The Perry Mason story was set in Los Angeles but the crew hardly stayed in one place for filming. Each scene demanded a unique set. Filming could be anywhere in Los Angeles at a given time. On-location filming took place at a few downtown joints or in Culver City. In addition, the crew shot several interior scenes at studios in Tinseltown.
They also shot the façade of the Superior Oil Company Building for Mason’s offices. By season 8, the site for Mason’s office changes to the Bank of California building all the way in San Francisco.
He Didn’t Need Law School?!
Creator Erle Stanley Gardner used to be an unorthodox lawyer. He enrolled to study at Indiana’s Valparaiso University School of Law. After one month, the school suspended him for insufficient attendance. Gardner dropped out but studied independently and passed the California bar in 1911. He loved litigation, but the legal practice in general — not so much.
When the novels and his writing career took off, he quit being a lawyer without a second thought. He took his love for litigation and infused his creations with legal brilliance.
Gardner’s Sole On-Screen Appearance
What do Stan Lee, Alfred Hitchcock, and Quentin Tarantino have in common? Legendary directors — all of them made several hundred cameos in their own movies. Perry Mason’s creator chose to stay away from the screen – save for one episode in the series' 9-season run.
Gardner appears in the final episode of the series “The Case of the Final Fade-Out.” He plays the judge, while the incredible Dick Clark (of "Dick Clark’s New Year’s Rockin’ Eve" fame) takes on the role of the murderer. 'Twas a fittingly poetic appearance before the show ended.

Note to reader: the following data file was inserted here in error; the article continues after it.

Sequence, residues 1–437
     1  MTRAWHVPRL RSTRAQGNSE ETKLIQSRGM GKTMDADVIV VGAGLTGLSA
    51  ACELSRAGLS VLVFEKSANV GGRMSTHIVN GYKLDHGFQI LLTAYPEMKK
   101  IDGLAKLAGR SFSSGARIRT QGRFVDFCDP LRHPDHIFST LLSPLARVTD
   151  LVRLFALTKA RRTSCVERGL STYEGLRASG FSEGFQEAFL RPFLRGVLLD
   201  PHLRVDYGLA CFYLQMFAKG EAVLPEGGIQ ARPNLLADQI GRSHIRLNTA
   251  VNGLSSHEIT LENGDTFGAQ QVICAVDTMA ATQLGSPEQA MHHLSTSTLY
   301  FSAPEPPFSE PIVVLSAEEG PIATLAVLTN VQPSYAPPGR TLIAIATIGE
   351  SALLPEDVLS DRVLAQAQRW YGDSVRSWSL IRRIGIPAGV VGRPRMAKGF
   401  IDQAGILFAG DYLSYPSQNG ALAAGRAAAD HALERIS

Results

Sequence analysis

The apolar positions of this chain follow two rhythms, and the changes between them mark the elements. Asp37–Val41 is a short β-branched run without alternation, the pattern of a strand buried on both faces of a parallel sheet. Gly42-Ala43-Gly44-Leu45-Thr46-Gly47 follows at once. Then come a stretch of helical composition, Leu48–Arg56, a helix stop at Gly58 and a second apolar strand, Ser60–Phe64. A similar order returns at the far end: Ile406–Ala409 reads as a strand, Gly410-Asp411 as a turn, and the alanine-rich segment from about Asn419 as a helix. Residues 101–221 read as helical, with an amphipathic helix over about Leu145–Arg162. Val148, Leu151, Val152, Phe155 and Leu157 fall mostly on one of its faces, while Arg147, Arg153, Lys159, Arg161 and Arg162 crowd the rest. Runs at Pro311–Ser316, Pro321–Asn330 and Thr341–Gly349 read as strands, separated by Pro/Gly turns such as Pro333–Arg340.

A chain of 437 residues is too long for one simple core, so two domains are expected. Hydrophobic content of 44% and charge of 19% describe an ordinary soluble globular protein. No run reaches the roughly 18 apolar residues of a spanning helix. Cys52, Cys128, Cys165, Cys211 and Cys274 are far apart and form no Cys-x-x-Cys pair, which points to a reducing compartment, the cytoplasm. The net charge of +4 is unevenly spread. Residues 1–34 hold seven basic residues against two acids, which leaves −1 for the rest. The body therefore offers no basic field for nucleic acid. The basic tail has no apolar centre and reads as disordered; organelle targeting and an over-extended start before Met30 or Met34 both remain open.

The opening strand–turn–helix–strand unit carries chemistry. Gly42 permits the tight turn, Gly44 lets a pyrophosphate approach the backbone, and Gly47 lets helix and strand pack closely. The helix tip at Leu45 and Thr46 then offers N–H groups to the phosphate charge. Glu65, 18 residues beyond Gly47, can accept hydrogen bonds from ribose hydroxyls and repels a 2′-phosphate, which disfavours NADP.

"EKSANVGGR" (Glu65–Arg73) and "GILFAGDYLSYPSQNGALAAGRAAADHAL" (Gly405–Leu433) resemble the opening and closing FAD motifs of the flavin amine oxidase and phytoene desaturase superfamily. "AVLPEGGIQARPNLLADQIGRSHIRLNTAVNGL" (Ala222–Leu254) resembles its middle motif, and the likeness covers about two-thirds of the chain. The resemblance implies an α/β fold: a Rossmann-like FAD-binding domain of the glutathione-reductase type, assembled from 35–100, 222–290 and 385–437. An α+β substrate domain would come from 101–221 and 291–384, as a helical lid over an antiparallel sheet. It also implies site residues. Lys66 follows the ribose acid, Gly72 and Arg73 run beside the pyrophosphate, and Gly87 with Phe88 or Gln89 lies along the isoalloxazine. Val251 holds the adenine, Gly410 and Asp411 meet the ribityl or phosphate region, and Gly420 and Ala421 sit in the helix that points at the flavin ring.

The Legacy of the First Perry Mason Novel
"The Case of the Velvet Claws" published in 1933, was the first of the Perry Mason novels. Deceit, death, and blackmail – the book had everything! Inside the pages was history in the making, although nobody knew it yet. The novel set the stage for the sophisticated Perry Mason, whose courtroom brilliance would take over people’s lives.
As the book amassed a loyal fan following, the entertainment industry wanted in on the action. Three years after publication, filmmakers adapted the novel for the big screen. Later, it appeared as an episode in season six of the TV series.
Raymond Burr Couldn't Shake His Character Off
When you watch Perry Mason the series, it’s sometimes hard to tell when Raymond Burr ends and where Perry Mason begins. Burr stayed with the character for 271 episodes (each was an hour-long) and nine seasons! The show wrapped up in 1966, and Burr could finally break from the character — which he did, except destiny had more in store.
Burr returned after a two-decade-hiatus to star as Mason in a series of feature-length films for TV. The series consisted of 30 films, with Burr starring in 26 of them.